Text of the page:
Top

Heal the Bay Blog

Author: Shelley Luce

HTB chief Shelley Luce talks about her appointment and shares her philosophy about protecting our state’s most precious natural resource.

California is blessed with more than 1,100 miles of coastline. The ocean is a defining feature of our geography, our culture and our economy. We are proud of its beauty, and we depend on it for sustenance, for trade and tourism, and for our own recreation and relaxation.

I am now honored to help protect our coast by serving as an alternate to California Coastal Commission member Mark Vargas. Anthony Rendon, the Speaker of the California State Assembly, appointed me to the position earlier this month. Commissioners serve four-year terms.

As an alternate member, I will vote on matters at monthly Commission meetings any time Vargas cannot attend.

It’s long been a dream of mine to serve on the Coastal Commission because I understand how important the panel has been to preserving what makes California special. I’ve devoted my career to the coast, and I deeply understand the need to balance development, conservation, and public access on 1.5 million acres of land along California’s highly desirable coastline.

The California Coastal Act of 1976 created the Coastal Commission to “protect, conserve, restore, and enhance the environment of the California coastline.” The commission remains a powerful land-use authority that must approve changes to coastal land uses, or the local coastal plans that govern those changes. All development from single-family homes up to giant commercial or resort ventures must comply with the Coastal Act or be denied a permit to proceed.

The commission is charged with protecting coastal access and views for the public, as well as safeguarding Environmentally Sensitive Habitat Areas, including all wetlands.

The demand for new development in the coastal zone keeps the 12 volunteer commissioners and approximately 150 full time staff very busy, resolving complicated issues around rights of property owners and the general public.

The panel grapples with the legal, scientific, political and human complexities of how and where property owners can profit from our coastline, while protecting unique resources for the benefit of all Californians and visitors. The work is often contentious, with public hearings occasionally devolving into name-calling and accusations of backroom deal-making.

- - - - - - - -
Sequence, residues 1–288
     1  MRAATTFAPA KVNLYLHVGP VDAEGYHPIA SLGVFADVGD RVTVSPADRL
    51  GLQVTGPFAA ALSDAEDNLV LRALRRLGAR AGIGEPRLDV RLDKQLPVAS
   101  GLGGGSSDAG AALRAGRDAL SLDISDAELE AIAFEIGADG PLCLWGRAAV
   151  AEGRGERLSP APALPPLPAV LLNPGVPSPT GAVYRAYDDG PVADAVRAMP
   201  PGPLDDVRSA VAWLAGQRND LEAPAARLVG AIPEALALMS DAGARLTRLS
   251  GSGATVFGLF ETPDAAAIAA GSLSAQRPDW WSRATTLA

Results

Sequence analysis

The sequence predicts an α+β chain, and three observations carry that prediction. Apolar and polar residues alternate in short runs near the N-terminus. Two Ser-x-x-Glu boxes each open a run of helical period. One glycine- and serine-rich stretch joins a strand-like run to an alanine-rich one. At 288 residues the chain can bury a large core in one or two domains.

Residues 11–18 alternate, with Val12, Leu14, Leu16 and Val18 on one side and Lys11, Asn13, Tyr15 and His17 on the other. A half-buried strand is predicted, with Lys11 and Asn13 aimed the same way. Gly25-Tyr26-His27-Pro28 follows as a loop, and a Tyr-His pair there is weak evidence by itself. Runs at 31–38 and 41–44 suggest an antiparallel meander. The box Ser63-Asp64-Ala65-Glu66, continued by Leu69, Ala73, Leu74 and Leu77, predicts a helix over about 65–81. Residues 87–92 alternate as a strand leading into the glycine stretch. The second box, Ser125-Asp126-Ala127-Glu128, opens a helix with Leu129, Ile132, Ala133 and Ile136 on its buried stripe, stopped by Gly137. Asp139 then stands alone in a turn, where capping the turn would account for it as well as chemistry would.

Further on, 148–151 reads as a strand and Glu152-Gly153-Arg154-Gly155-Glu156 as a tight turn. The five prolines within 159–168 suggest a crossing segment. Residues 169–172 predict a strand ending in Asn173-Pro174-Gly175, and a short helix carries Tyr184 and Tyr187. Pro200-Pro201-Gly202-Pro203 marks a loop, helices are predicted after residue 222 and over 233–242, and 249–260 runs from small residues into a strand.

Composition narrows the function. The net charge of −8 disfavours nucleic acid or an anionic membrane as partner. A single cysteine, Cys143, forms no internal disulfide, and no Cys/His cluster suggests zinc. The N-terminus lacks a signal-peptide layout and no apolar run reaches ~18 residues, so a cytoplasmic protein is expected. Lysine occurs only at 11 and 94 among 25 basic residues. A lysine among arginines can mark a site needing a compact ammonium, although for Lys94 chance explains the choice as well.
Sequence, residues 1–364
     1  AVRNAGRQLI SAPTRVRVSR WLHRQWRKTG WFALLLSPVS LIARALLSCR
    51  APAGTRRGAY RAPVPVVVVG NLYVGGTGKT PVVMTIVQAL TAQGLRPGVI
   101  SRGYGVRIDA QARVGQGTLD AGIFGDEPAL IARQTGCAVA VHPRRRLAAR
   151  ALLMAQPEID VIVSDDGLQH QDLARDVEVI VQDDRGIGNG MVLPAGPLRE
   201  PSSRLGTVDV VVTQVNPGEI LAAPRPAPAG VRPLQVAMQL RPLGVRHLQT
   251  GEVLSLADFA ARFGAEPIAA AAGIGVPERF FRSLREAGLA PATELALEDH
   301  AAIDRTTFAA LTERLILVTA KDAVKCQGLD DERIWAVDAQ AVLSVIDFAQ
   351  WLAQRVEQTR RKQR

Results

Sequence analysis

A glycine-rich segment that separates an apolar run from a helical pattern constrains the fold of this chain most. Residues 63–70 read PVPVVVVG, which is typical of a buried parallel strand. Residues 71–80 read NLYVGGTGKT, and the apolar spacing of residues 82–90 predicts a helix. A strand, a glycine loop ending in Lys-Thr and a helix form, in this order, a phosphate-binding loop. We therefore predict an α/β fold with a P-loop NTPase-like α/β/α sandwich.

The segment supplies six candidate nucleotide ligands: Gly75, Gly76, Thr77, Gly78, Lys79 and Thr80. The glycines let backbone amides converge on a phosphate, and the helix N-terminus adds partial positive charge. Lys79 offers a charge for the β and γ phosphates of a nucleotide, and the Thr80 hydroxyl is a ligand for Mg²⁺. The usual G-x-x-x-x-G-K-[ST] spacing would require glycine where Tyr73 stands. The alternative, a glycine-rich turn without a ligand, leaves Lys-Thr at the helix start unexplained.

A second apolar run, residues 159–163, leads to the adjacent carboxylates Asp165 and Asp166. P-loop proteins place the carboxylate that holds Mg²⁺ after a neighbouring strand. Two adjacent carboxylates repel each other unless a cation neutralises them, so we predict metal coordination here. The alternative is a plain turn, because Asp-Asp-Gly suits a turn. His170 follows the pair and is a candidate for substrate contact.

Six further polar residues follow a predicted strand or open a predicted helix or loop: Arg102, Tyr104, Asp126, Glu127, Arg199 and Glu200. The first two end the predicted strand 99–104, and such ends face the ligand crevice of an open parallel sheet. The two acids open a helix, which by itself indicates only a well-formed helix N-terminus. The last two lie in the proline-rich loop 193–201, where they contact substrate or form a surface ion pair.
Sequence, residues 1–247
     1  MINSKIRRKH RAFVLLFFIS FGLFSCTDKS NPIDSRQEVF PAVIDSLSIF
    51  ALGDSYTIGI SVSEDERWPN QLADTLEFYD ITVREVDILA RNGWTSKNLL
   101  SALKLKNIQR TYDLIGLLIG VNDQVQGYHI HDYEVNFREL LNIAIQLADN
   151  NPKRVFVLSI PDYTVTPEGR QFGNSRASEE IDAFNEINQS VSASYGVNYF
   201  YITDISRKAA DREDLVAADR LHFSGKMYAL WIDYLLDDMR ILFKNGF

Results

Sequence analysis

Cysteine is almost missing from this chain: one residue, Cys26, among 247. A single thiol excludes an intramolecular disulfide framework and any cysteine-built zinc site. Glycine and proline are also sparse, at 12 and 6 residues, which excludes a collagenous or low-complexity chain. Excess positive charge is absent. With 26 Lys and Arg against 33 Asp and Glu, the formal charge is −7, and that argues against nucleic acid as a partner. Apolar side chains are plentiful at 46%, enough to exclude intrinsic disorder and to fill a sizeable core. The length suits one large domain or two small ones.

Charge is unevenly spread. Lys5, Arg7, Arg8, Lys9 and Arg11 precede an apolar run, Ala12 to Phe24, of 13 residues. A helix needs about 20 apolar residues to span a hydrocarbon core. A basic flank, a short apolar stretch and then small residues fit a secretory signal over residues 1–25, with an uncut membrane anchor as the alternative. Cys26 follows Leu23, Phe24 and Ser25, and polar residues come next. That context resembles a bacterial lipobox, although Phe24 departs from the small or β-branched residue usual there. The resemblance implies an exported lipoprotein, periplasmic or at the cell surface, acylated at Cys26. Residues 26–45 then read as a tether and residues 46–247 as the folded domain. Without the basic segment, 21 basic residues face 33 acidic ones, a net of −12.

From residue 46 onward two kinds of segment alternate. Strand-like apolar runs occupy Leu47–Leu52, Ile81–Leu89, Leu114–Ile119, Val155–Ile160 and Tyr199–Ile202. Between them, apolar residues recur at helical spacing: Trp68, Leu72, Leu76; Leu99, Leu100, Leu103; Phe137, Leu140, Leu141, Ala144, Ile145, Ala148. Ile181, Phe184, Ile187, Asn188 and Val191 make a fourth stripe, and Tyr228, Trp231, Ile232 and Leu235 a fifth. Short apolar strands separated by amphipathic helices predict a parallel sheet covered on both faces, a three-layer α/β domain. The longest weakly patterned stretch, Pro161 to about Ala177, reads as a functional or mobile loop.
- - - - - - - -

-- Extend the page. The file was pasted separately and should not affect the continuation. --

I will always listen with an open mind to all parties involved in a given matter. And I promise to always vote my conscience, placing the highest emphasis on the continued ecological health of our ocean and shorelines. I’m confident that my education and experience will guide me well when making tough decisions.

As a Ph.D. in environmental engineering, I know we must we rely on the best science to guide our decisions. As the leader of one of the state’s leading ocean protection groups, I know that education, transparency and public engagement are the best tools to build consensus around solving thorny issues.

Please email me at sluce@healthebay.org to share your thoughts about our coastline and how to best protect it.




Shelley enjoying a session in North L.A. County

Heal the Bay president Shelley Luce reflects on a very special place in L.A. – and in her heart.

As I write this note, I’m on a long highway, headed to Yosemite for the holidays with my family. I’m surrounded by mountains, but my mind is on the ocean yet again – Leo Carrillo State Beach, to be exact.


Leo Carrillo State Beach, Photo: Dana Roeber Murray

Like Yosemite, this idyllic, sweeping cove near the L.A. County border is one of my favorite places on Earth. Sometimes I paddle my surfboard past the breaking waves and float above the kelp. The water is so clear I can see the golden kelp waving below and orange Garibaldi flitting among the rocks.

I daydream about resting at the bottom of the sea, holding fast to a rock. I want to sway with the swell, watching the other creatures flicker in and out of the dappled light. My preteen daughters paddle out with me. They squeal about the cold water before they plunge in. They roll around in the seaweed, laughing and buoyant in their slick wetsuits.

It’s a peaceful spot that I go back to in my mind, when I’m feeling stressed or when I need a mental pick-me-up. I’m so glad I can get into our ocean, enveloped by thrilling waves and thriving sea life. I’m so thankful our beaches are open to all, regardless of socio-economic status, and visited by more and more people every year. I’m glad the Bay continues to Heal.

I want everyone in greater L.A. to come to our beaches to swim, fish, play and explore. I want Heal the Bay’s Aquarium at the Santa Monica Pier to inspire people from around the world. I want our Beach Report Card to empower people to dive in with confidence – assured that the water is safe for swimming. I want people, regardless of their native language, to understand which fish are safe to eat, and which fish pose potential health risks.


Leo Carrillo State Beach, Photo: Dana Roeber Murray

I’m grateful to all of you for supporting our work to make all these things happen. We live in a place where people dream big and almost anything is possible. Every day I fight for the future we all wish to see. Heal the Bay protects the beauty and diversity we have today, and we fight to make it better.

And now, we take the time to feel gratitude for the ocean that sustains Heal the Bay – and the people like you who care enough to learn, share, volunteer and act. It’s a blessing.

Thank you. Happy Thanksgiving.

P.S. — As the holidays approach, please consider making your tax-deductible Year-End Gift to Heal the Bay early this year. Nearly 70% of individual donations are made by people like you in the next 60 days. It’s a critical lifeline for us.